We are seeing an increased number email scams over the past few weeks – many were focused on stealing Office 365 passwords.
As was recently noted in a Barracuda blog post, “There is a booming black market for stolen passwords within criminal communities, making malware that obtains these passwords profitable to distribute.”
Tens of millions of people have been affected by these phishing emails. If companies are impacted, they can incur major security risks and/or financial damage.
As a bit of background, these recent email scams have sent counterfeit messages that look like they were sent by reliable sources with the purpose to trick users into supplying Office 365 credentials for malicious intent. A couple specific recent Office 365 password scams are:
- IRS phishing attacks – Aim is to dupe users and steal their passwords by disguising malicious emails as tax-related notifications from the IRS.
- This includes warnings like “We are apprising you upon the arisen tax arrears in the number of 2300CAD.” Word and Excel files may be attached such as “taxletter.doc”. With tax day around the corner, your team is susceptible.
- Change your password – A request goes to team members from the system admin to change their Office 365 password.
- The link leads the user to enter the existing password first which provides the fraudster with access to your network.
With the Office 365 credentials in hand, the scammers can do damage to your organization by accessing confidential information. But also, they can forward emails to look for other account user names, communications, and email addresses. They can then generate more malicious emails to impact additional users. If someone with Office 365 administrative privileges is impacted, the entire Office 365 account can be at risk.
Although you may have critical security layers in place such as spam filters, firewalls, and strong passwords, it is just as important to have Office 365 protection and educational programs in place to make employees aware of the types of email scams.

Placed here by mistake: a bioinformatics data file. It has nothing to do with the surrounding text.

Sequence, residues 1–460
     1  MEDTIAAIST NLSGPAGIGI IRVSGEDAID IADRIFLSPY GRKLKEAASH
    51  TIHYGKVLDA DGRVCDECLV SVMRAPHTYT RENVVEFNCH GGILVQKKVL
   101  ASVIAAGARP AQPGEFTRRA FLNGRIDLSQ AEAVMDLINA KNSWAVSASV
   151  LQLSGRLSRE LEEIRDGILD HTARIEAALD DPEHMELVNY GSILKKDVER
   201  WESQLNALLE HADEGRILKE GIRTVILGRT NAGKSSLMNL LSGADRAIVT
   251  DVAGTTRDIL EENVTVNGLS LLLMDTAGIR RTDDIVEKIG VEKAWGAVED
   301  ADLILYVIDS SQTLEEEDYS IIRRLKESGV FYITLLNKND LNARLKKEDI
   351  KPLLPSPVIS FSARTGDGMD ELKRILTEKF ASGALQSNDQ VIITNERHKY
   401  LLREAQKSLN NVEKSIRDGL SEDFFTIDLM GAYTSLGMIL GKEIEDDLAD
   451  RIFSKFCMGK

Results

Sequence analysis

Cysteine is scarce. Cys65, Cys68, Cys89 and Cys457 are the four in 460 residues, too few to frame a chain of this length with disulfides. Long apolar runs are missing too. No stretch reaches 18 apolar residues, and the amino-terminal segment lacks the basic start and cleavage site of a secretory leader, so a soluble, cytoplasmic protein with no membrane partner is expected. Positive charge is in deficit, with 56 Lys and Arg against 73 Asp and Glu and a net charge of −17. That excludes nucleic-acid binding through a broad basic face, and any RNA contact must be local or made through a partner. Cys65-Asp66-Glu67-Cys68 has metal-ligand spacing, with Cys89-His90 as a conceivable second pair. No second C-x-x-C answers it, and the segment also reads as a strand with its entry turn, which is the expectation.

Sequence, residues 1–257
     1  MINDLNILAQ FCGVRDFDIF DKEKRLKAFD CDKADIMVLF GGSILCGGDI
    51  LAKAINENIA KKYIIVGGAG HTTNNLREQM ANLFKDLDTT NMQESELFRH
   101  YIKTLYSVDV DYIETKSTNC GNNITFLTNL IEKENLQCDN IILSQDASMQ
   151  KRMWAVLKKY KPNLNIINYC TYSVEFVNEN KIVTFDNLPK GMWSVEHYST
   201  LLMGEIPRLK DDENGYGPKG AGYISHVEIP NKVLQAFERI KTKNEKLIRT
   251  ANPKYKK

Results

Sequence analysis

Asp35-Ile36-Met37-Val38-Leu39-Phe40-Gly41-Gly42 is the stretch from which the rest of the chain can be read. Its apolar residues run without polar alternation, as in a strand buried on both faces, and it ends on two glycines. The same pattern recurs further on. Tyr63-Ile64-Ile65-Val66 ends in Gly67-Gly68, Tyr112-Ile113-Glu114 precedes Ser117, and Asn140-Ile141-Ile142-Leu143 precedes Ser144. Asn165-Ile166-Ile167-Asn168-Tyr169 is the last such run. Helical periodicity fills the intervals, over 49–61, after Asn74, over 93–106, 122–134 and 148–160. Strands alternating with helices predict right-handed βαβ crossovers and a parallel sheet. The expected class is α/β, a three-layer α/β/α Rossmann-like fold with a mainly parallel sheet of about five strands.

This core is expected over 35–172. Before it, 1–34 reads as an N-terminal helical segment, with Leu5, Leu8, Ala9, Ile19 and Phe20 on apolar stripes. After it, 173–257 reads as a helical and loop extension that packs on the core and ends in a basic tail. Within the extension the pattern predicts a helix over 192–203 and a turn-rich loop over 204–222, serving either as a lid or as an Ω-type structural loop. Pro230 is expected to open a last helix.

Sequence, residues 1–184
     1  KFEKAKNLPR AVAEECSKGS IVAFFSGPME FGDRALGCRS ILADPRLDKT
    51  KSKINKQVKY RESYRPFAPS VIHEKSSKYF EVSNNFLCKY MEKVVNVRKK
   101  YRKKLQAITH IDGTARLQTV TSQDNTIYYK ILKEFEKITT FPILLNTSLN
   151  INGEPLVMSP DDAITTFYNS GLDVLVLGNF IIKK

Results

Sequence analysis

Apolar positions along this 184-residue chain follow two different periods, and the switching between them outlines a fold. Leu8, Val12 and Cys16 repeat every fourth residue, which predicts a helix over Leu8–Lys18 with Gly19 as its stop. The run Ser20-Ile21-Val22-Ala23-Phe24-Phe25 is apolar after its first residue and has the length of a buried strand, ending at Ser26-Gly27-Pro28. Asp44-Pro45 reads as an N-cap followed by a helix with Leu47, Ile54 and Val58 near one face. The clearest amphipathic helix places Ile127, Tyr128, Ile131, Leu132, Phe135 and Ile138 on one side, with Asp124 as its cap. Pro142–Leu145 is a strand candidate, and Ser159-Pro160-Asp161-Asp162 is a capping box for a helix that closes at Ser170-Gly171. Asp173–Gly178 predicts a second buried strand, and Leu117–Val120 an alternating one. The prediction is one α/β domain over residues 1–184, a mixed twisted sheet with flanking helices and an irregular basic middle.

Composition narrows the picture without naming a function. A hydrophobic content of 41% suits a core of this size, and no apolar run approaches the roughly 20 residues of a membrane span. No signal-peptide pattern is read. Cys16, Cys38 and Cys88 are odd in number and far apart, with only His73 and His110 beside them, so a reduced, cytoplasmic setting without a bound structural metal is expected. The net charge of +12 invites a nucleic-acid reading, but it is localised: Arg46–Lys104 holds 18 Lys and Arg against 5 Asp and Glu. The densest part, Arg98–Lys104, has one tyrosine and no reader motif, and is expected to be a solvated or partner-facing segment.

Thinking Beyond Standard Protection
To help prevent Office 365 scams, you should have educational programs as well as more Office 365 controls in place. This includes configurations within Office 365 such as advanced threat protection (ATP) which safeguards your organization against malicious threats posed by email messages, links and collaboration tools. ATP includes:
- Threat protection policies: Define threat-protection policies to set the appropriate level of protection for your organization.
- Reports: View real-time reports to monitor ATP performance in your organization.
- Threat investigation and response capabilities: Use leading-edge tools to investigate, understand, simulate, and prevent threats.
- Automated investigation and response capabilities: Save time and effort investigating and mitigating threats.
Regarding education, the most important aspect is to help employees become aware of what to look for and what not to trust. As part of our service, we have partnered with KnowBe4 to provide our clients with a comprehensive approach that integrates baseline testing using mock attacks, engaging interactive web-based training, and continuous assessment.
We wanted to share this with you as a caution for your organization. To learn more, you can download and read our recently published white paper on the topic of phishing schemes like these.
We would love to continue the conversation on this topic. If you would like to set up a 1:1 security review session, please feel free to contact me.